El-Erian `More and More Worried' About Wages, Even as Jobs Gain
(Bloomberg) -- Mohamed El-Erian, Allianz SE’s chief economic adviser, said wage growth in the U.S. has been too low, even as employment climbs, adding to the urgency for lawmakers and the White House to take action.
“History tells me not to give up as yet, but the data has been disappointing. We are going through a soft patch, and it seems to be a prolonged soft patch,” El-Erian said Friday in an interview on Bloomberg Television. “So I’m getting more and more worried, but hopefully history will assert itself.”
Average hourly earnings rose 0.3 percent in July and were up 2.5 percent year over year, according to government data released Friday. The pace of annual pay growth is little changed over the past two years, owing to factors including weak productivity, as well as people returning to the labor force and accepting lower-skilled work. In El-Erian’s interview, which occurred before the data were released, the economist said that wage growth of 3 percent would be a sign for the Federal Reserve to again tighten monetary policy.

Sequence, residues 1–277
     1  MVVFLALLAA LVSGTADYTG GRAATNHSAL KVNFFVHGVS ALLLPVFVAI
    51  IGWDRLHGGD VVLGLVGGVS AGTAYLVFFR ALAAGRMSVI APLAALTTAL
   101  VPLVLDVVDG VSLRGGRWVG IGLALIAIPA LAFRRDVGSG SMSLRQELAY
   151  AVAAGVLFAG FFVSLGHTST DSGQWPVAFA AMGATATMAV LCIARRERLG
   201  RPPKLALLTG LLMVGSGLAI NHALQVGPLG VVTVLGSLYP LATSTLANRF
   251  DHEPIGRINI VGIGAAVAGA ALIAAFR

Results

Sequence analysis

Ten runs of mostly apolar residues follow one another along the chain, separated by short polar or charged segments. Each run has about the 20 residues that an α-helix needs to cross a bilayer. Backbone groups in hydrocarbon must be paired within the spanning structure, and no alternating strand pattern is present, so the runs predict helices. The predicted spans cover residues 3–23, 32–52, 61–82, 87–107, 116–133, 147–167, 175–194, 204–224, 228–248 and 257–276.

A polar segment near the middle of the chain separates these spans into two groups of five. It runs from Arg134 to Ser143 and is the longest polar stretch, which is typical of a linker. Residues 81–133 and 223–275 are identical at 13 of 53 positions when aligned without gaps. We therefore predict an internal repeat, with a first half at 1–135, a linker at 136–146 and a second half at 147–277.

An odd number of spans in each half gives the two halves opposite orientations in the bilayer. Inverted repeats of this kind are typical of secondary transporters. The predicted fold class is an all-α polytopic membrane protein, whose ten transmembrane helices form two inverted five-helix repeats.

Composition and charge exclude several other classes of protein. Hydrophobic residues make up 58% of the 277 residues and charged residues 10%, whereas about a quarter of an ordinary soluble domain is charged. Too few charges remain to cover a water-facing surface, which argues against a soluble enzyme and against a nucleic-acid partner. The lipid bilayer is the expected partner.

With the central bank’s benchmark rate still near record lows, there’s little that Fed Chair Janet Yellen can do to boost the labor market without risking financial stability “down the road,” he said. Instead, lawmakers and President Donald Trump’s team must show leadership, he said. El-Erian called for more infrastructure spending, tax reform and measures to reduce excessive indebtedness among Americans, such as obligations on student loans.
“We need actions on all three,” said El-Erian, who is also a Bloomberg View columnist. “That’s not something that the Fed can do. That’s something Congress and the administration can, and should, be doing.”
Trump has said there are already signs of progress. Payrolls rose by 209,000 in July, topping analysts’ estimates of a 180,000 gain. The jobless rate matched a 16-year low.
“Excellent Jobs Numbers just released,” Trump said on Twitter Friday. “And I have only just begun.”
Thinking About Mistakes
Equity futures were higher after the data came out. The S&P 500 Index advanced 10 percent this year through Thursday after jumping 9.5 percent in 2016. El-Erian reiterated his view that investors might want to limit their dollars at risk.
They should ask themselves, “If you end up making a mistake, what mistake can you afford to make?” he said. This means weighing the benefit of another 5 percent to 8 percent gain in markets against the risk of a major decline, according to the economist.
He also said stock pickers should take note of which industries and regions offer the most attractive valuations after a period of “rotating leadership.” He didn’t offer specifics Friday but has recently been highlighting opportunities in emerging markets.